Fly Life Magazine

The pros and cons of short and long fly rods

It’s been a lengthy debate – pun intended

Comments and musings by Skip Clement on John Frazier’s article Fly Fishing: Short vs. Long Fly Rods for Salt Water Sportsman / November 5, 2014

The discussion Frazier points to is that a newbie has to think outside the box – that there is more to selecting saltwater fly fishing rods than an 8- or 9-weight, a reel with 250 yards of backing and a floating line, the preponderance of fly rod, backing and fly line purchases throughout the industry.

Fly fishing shows and fly shops are the best places to find and test drive fly rods. Photo: Derr

Fair enough

But a newbie couldn’t go there – too much information and in a parlance not understood. But that’s not the point of the story. So, first up is go to the local fly shop or show. Buying a new fly rod is like buying a new car. You need to test drive them. But in the case of buying a fly rod, the newbie most likely has never driven one so, having never seen one up close and personal or seen many, he or she has no reference point. Although a BMW and a Lada Riva (Russian) are vastly different cars they are not so to the newly interested buyer.

The performance of a fly rod and intended use are things the author says to consider when buying a fly rod 

Timing Matters:

Because a shorter rod is essentially a shorter lever, your stroke should speed up, whereas a longer rod (longer lever) requires a more delayed stroke. The castability of a rod has a lot to do with the relationship between the rod length and the taper of the fly line. A fly line with a short head loads a short rod efficiently and allows the angler to quickly deliver big flies short to moderate ­distances. The opposite obviously works for longer rods. Rods exceeding the 9-foot mark benefit from fly lines with longer heads.” — Steve Rajeff, Loomis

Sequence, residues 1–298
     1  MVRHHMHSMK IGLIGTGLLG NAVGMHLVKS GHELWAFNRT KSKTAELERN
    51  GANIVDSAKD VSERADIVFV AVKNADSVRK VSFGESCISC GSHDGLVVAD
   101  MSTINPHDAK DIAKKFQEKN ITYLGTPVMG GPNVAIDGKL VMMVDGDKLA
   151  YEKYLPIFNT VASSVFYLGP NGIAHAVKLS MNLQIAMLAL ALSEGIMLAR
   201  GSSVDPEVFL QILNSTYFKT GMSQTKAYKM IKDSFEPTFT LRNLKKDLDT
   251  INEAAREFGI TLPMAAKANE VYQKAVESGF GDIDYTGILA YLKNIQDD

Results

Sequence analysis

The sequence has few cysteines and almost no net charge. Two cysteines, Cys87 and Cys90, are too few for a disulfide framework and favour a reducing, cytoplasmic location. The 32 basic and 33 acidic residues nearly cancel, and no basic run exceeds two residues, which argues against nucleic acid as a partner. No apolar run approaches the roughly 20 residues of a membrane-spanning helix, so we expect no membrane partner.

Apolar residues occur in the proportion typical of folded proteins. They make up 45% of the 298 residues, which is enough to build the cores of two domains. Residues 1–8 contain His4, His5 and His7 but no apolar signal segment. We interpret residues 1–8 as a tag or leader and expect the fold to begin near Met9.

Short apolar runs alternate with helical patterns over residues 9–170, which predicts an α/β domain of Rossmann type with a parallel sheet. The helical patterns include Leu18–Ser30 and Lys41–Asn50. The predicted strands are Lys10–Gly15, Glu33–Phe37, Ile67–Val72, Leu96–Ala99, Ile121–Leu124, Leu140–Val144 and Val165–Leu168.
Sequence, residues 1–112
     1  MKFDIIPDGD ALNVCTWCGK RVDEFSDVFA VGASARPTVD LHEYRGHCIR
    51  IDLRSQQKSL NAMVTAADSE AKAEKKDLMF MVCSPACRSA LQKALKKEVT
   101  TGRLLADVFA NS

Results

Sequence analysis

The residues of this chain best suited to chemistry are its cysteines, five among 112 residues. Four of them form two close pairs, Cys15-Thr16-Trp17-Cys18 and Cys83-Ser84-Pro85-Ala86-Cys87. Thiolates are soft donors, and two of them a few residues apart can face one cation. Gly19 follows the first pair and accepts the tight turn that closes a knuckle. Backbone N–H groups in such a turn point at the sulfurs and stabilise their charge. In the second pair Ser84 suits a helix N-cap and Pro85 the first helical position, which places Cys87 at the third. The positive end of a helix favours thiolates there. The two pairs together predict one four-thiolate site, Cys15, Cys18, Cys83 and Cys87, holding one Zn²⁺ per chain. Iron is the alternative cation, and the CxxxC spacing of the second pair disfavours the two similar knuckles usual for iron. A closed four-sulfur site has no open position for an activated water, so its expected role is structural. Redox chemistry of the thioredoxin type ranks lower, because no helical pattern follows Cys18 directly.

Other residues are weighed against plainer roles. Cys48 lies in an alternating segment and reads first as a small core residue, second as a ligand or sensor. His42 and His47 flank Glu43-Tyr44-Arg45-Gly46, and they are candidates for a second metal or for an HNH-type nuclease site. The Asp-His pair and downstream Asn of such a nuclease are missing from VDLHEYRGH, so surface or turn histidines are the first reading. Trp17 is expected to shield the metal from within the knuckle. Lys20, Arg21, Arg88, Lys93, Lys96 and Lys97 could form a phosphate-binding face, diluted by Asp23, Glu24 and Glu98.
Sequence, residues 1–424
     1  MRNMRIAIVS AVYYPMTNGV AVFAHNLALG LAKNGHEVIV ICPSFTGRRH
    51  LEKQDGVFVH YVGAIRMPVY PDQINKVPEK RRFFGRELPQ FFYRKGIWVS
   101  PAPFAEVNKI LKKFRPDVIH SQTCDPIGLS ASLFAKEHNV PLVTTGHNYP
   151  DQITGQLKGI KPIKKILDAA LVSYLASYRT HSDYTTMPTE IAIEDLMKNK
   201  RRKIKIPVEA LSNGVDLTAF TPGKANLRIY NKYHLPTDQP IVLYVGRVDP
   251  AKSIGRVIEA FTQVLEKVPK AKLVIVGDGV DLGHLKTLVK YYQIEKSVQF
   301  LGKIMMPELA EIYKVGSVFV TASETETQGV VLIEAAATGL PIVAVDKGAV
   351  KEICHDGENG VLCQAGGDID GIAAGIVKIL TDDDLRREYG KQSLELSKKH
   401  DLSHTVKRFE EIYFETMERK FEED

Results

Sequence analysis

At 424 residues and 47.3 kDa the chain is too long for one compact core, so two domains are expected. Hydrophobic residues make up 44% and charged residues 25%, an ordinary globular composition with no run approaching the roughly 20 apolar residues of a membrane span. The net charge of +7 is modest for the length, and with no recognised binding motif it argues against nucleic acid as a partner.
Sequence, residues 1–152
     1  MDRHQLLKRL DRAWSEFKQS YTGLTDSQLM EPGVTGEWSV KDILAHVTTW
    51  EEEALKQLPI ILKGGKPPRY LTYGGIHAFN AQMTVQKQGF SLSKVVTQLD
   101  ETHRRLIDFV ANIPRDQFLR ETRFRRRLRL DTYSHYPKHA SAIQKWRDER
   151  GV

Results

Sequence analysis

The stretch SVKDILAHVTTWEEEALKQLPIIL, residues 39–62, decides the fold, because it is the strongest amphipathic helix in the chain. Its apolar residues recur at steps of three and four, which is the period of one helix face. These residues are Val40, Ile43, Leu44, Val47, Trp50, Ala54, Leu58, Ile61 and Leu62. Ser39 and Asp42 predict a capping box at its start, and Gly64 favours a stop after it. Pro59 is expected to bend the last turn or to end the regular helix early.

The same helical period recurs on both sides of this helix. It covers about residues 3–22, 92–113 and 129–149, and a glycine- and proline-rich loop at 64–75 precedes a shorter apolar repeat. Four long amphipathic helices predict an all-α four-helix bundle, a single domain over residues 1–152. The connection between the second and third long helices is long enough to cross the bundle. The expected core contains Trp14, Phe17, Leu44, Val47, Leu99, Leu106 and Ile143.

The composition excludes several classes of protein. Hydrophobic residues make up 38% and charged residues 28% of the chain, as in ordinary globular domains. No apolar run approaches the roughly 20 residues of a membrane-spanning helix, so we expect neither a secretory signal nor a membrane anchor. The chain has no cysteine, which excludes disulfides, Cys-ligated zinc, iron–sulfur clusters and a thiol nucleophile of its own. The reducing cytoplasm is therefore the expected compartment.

Mend your Ways:

Even though the technique of mending line — adjusting the position of the line relative to the fly after the line is on the water — is most often associated with river fishing, the tactic has a place in the salt as well, whenever there is current flowing. In salt water, mending comes in handy when fishing rip lines or other current differentials.

Longer rods take a bit more finesse to cast, but with them, you have the potential to cast farther, which is why a lot of deepwater waders and surf guys like them. For this group of anglers, long rods not only offer a little more reach, but they also provide a little more elevation, which goes a long way in terms of preventing line slap on the backcast and avoiding steep banks behind you.” — Steve Rajeff, Loomis

Short and Sweet:

When using heavier lines with short heads, anglers can not only effectively fish in tight quarters but also accurately and quickly present bulky flies short to midrange distances — which is why a lot of guys go with a short rod when stripers and bluefish are feeding on large menhaden.”  — Steve Rajeff, Loomis

Frazier concludes that when matched with an appropriate line, short rods achieve ­considerable distances, but they also provide an edge during the fight — especially with a big, structure-oriented fish.

Read the complete story here . . .

NOTE: John Frazier, former editor at SWS and Fly Fishing in Salt Waters and a nationally recognized authority on saltwater ­fly-fishing, currently serves as the community specialist for Simms Fishing Products.

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